Here's my reply, and by the way anyone here is welcome to participate in this discussion. Freedom of Speech issues here are interesting ones because they general cut across normal political boundaries.
So who enforces your freedom of speech? God?
LGDB: This of course depends on who is the chief threat to freedom of speech at any given time, i.e. where the repression is coming from. If the government is a threat to the freedom of speech then we (in a functioning government) would enshrine something in your Constitution or legal system saying the government has no legal authority no make laws abridging freedom of speech. You know like we did. But what's less obvious and the point I'm making here is that historically the freedom of speech has been imperiled by other sectors, like I said earlier by business especially by way of your employer, by the Church, and by various communities. An employer might fire you for something you say on Twitter, the church excommunicates, and your community might stigmatize you (or worse.) And each of these sectors have their own processes and logics, but the point is each of them can become repressive to the degree that the people subsumed in them don't feel free to express themselves. And to your question who enforces it, it depends on the sector, if your community is repressive it might take the process of cultural reform; if your employer is repressive it might take organizing workers collectively and unionizing to put pressure on them. But the who is always the people in a functioning democracy.
So if you happen to live in a place where your government won't prosecute you for controversial speech, you still might feel a very credible threat from let's say people in your community. To say under this circumstance you have the freedom of speech is meaningless. I mean I remember a time in this country when you didn't feel free to speak about being openly gay, but it wasn't usually because you were afraid of government reprisal. You were afraid of what various people in the community might say or do. The point is freedom speech describes the condition of a community at any given time. At any given time the community at large can feel comfortable expressing certain potentially controversial thoughts or not, but that condition isn't the kind of thing that's only under threat by the State.
The increasing corporate control of America is a function of right-leaning policy, and statement of intent (not my opinion).
LGDB: But of course it's also a thing liberals are complicit in, at least at the level of Congress and other government institutions. While liberals might have certain kinds of commitment that gestures against corporate power, the liberal party is absolutely in bed with it. While the Republicans are at the mercy of old money like oil and coal, the Democrats are in the tank for the financial sector and Big Tech. We can get into this at greater length, but the idea that the right is the only one content to allow powerful private interests to have inordinate influence over public policy is a ludicrous proposition.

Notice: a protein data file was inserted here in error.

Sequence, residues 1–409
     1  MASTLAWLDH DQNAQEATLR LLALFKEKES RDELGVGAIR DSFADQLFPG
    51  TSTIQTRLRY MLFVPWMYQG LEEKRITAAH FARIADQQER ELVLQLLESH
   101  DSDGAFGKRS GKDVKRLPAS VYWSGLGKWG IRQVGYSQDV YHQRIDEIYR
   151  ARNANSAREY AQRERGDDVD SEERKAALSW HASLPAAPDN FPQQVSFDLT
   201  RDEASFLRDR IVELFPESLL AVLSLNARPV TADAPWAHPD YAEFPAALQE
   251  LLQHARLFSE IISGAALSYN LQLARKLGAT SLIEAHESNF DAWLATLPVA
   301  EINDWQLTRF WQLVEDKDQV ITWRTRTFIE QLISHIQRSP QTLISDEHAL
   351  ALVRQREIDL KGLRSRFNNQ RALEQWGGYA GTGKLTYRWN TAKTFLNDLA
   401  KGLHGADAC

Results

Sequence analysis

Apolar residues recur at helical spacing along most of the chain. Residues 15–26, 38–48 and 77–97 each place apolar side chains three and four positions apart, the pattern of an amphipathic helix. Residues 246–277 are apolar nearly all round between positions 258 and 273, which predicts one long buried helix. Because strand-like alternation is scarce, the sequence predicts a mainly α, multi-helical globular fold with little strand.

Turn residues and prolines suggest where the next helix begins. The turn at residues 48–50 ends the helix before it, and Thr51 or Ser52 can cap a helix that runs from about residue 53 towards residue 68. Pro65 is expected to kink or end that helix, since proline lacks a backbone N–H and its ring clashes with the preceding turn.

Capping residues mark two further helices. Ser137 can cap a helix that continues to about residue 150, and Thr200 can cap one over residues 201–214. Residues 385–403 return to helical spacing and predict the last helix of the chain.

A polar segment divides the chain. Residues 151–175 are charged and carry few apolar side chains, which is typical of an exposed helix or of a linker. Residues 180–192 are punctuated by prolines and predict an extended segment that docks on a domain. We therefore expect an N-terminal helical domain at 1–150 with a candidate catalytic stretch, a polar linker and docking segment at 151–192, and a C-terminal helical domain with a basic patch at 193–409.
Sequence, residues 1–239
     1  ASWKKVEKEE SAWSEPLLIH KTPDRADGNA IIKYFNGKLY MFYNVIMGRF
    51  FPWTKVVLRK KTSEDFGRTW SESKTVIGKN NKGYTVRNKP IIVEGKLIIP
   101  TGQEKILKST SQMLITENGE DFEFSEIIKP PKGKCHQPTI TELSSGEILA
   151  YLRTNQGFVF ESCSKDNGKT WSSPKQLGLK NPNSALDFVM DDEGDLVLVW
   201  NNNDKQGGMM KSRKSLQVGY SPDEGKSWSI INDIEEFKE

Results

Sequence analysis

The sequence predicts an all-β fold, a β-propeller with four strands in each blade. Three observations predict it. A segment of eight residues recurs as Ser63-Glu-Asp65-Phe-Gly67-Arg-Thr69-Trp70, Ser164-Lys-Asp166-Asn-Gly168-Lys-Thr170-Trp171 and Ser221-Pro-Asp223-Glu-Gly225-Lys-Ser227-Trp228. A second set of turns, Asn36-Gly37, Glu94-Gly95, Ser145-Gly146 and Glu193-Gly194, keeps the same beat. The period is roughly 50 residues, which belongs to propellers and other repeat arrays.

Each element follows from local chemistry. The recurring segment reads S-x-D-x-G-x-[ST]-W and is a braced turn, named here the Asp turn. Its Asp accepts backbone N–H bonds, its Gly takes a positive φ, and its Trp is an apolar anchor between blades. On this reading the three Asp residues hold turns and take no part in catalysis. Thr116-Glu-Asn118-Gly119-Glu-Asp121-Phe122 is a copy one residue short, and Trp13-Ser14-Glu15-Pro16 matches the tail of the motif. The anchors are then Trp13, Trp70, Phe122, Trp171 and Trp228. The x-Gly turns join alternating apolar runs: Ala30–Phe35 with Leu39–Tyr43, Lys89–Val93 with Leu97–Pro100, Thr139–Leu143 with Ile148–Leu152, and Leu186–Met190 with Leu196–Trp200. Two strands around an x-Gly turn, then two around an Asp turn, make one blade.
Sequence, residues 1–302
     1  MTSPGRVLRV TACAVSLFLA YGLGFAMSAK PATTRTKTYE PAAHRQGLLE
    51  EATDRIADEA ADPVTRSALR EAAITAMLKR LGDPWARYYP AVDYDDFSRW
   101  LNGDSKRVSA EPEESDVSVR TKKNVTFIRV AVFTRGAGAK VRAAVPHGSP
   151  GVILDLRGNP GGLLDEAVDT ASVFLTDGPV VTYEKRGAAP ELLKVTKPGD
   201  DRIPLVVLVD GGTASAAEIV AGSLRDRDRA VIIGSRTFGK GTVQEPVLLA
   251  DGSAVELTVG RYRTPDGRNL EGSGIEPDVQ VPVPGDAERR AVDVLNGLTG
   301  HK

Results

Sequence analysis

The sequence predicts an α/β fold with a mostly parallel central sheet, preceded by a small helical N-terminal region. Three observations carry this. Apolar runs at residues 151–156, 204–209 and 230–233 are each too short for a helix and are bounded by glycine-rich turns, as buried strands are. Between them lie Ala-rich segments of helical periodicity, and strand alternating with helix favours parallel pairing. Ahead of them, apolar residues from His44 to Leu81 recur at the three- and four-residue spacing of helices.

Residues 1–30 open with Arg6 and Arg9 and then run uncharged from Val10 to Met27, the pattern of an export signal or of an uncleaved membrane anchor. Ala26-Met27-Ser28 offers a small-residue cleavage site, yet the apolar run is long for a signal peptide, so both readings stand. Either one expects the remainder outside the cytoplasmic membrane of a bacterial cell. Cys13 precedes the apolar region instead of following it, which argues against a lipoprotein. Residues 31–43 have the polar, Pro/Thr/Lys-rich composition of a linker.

Which bring me how this relates... when we allow companies like Twitter, Google, and Facebook to more or less dominate public communication, and then say, sure you're a private business so you can censor people however you like , it is in practice a way of side stepping the first amendment. In other words, a way to side step that pesky 1st Amendment is to permit the privatization of public broadcasting and public social media, because private companies are obviously hindered by those kinds of Constitutional restraints.
Incorrect. There is no applicable legal case that could be brought against Twitter, thus its not for a court to decide. In fact, the courts would overwhelmingly side with Twitter, hence why Trump hasn't brought one.
LGDB: You're both right and wrong here. There IS no legal case for Trump or anyone to sue Twitter for kicking them off. But you've lost the plot here. The legal case you absolutely could make are violation of Anti-Trust laws. There's an absolutely clear precedent of even breaking up companies like Twitter and Facebook or Amazon or Google for just these reasons. And there are many scholars, legal experts, and political activists that propose just this. (If anyone's interested look into Matt Stoller's work. He's really good on this stuff. ) The problem that I have with Twitter banning people isn't in principle their having that control over their own business (though this gets complicated). The problem I have is the degree to which they've dominated that sector such that if a person is kicked off Twitter they have no where else to go to participate in public conversation at that level. Even when we're talking about a publicly elected official that a huge part of the American electorate wants to be in the public conversation. You can say sure they can go to the vastly smaller media entities, but the more fundamental issue here is that the public conversation which in the 21st century is invariably going to take place on line and shouldn't be primarily controlled by private corporate business.